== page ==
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Configure maximum job processor threads for the Project Server Queue service

 

Topic Last Modified: 2008-05-19

The Microsoft Office Project Server 2007 Queue service allows you to configure the maximum number of processor threads for each queue type.

The Queue Settings page in Project Web Access server settings has a Maximum Number of Job Processing Threads setting whose default value is four (for each queue type). There are many things to consider when adjusting these values. Having too many job processor threads can adversely affect performance on the application server and can result in timeout and memory-exception errors. For example, an administrator may try to increase the maximum number of job processor threads from four to 10 on both the timesheet and project queues in order to address an expected increase in timesheet submittals and project updates for an end-of-month period. Without careful consideration, such an increase can adversely affect performance.

The queue is designed to limit the rate at which work gets processed so that the peaks that can overload the server get spread out. In project management terms, this is “leveling” for the server — stopping the server from trying to do too many things at once.

Because the queue is multithreaded, it can:

  • Process jobs quickly.

  • Avoid a complete stoppage of job processing when one job encounters a problem.

The following tables describe the order in which the queue would process jobs in a single-threaded queue and a multithreaded queue. In this example, three projects have been saved and published in the following sequence:

  1. Project 1 is saved and published.

  2. Project 2 is saved and published.

  3. Project 3 is saved.

  4. Project 2 is opened, edited, saved, and published again.

The following table describes how the queue would attempt to process jobs in a single-threaded environment. The column headings T1 through T9 indicate time segments. All operations would be completed at the end of the ninth time segment. Note that the first Project 2 publish job is skipped for optimization, because the queue detects that an identical Project 2 publish job occurs later. Also, reporting jobs for Project 1 and Project 2 are of lower priority, so they are processed later.

 

Thread T1T2T3T4T5T6T7T8T9

Thread 1

Project 1: save

Project 1: publish

Project 2: save

Project 2: publish (skipped)

Project 3: save

Project 2: save

Project 2: publish

Project 1: reporting

Project 2: reporting

The following table describes how the queue would attempt to process jobs in a multithreaded environment (in this example, three threads). It would take more than half the time to attempt to process the same operations from the example above. Note how this environment allows for correlated jobs (for example, all jobs related to Project 1 save and publish) to all be processed on the same thread. If a job fails in the correlation, it might prohibit other jobs from being processed in the same correlation, but will not affect other jobs in other threads.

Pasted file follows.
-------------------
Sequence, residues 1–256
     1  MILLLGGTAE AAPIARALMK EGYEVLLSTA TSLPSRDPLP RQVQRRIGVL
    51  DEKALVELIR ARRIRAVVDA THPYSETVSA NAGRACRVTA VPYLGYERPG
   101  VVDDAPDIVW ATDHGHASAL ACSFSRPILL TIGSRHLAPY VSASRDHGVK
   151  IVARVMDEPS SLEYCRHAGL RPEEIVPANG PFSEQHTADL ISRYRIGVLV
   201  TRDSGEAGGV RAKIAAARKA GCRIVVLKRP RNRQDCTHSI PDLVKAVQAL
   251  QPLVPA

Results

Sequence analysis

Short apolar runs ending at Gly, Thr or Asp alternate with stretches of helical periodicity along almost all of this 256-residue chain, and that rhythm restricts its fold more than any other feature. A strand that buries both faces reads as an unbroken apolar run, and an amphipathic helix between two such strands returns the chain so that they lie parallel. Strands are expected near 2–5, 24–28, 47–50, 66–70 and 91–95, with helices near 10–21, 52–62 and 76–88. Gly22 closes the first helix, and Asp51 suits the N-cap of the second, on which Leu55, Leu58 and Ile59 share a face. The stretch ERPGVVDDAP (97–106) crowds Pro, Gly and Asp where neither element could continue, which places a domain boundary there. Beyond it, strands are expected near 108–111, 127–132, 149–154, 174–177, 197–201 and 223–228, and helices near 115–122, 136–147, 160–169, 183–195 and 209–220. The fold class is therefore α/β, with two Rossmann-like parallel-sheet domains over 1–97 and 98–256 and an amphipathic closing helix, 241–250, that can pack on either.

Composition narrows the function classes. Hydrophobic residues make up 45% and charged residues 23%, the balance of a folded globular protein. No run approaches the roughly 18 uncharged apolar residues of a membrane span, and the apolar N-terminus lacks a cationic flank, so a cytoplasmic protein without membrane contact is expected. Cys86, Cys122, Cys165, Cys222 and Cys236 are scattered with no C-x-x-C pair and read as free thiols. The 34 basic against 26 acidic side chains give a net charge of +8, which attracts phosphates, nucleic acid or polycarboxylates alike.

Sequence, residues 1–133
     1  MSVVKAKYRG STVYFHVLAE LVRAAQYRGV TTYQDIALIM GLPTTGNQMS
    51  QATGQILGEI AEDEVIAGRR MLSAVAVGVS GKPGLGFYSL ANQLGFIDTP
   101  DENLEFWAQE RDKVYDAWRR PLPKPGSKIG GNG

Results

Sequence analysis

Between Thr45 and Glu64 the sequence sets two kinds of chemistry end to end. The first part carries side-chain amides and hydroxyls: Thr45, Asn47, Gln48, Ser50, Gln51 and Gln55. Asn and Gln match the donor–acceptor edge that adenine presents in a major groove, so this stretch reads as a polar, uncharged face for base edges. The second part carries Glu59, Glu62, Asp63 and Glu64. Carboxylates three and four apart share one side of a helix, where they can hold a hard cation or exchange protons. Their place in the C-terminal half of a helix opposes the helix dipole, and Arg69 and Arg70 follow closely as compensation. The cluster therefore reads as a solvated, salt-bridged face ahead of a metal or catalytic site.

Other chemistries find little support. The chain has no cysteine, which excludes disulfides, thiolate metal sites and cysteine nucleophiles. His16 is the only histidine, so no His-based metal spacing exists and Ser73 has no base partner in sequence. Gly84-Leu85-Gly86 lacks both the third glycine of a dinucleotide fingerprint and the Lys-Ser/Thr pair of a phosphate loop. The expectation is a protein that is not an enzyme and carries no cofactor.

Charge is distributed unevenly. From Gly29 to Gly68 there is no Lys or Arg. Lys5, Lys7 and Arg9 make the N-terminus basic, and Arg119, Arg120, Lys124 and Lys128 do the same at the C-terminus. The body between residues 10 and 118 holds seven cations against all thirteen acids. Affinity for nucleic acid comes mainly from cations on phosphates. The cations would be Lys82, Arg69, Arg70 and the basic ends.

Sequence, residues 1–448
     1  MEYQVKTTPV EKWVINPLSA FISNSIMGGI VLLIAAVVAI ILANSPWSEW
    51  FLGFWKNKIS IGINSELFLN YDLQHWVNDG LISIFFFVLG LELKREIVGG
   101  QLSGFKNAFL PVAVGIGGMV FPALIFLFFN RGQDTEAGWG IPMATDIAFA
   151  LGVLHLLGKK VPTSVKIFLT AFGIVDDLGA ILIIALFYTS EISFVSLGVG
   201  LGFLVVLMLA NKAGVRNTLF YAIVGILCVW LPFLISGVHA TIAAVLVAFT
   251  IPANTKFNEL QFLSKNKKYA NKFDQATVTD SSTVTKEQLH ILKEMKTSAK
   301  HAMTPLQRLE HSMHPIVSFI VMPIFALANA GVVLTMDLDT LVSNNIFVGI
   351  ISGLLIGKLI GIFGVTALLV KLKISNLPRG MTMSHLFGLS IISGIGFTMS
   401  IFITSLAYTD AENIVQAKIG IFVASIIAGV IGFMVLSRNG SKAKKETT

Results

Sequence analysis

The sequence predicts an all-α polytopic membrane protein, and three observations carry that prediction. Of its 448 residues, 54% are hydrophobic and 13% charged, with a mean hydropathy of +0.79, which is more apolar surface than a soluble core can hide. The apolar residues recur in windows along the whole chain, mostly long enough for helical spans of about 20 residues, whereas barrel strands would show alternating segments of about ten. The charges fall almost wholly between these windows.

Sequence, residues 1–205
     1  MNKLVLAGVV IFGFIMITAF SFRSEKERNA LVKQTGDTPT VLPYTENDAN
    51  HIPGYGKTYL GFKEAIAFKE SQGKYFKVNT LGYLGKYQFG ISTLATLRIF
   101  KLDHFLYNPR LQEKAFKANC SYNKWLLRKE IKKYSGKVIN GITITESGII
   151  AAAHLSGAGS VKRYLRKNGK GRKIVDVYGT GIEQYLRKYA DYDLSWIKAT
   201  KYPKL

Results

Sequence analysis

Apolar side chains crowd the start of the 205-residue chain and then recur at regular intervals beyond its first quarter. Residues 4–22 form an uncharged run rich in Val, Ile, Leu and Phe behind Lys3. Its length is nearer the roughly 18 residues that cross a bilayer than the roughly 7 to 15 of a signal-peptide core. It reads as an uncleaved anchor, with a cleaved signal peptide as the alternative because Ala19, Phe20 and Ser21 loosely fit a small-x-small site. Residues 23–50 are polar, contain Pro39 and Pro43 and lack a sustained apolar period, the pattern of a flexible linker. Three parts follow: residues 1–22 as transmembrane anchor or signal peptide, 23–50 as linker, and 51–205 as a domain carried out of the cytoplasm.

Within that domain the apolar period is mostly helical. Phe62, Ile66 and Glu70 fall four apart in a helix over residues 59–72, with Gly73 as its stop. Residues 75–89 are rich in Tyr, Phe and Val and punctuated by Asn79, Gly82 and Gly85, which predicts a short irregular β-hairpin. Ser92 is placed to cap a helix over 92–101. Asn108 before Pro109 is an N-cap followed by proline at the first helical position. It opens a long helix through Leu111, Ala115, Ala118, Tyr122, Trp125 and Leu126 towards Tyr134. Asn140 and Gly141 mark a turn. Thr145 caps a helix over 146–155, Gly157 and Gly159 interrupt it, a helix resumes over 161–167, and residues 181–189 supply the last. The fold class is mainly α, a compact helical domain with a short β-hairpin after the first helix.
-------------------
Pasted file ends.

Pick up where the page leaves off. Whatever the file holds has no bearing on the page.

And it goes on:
Thread T1 T2 T3 T4 T5 T6 T7 T8 T9

Thread 1

Project 1: save

Project 1: publish

Project 1: save

Project 1: reporting

Thread 2

Project 2: save

Project 2: save

Project 2: publish

Project 2: reporting

Thread 3

Project 3: save

As a starting point, we recommend that you set the maximum number of processor threads settings based on the number of available processors (or cores). For example, if the Project Server application server uses a single dual-core processor, configuring the settings for two threads per queue is a good starting point. If your application server uses a quad dual-core processor, you might be able to use eight threads per queue. You can adjust these settings accordingly based not only on the volume of transactions, but also the average size of the transactions (for example, publishing 10-line projects versus 1000-line projects).

You should also take into account the farm topology and other applications that are running on the farm. For example, adjust the setting accordingly if your application server is also serving as a front-end Web server or running search or other processor-intensive activities. Additionally, you can monitor performance counters, application logs, and ULS logs to guide you in fine-tuning the queue to work with your normal server loads.

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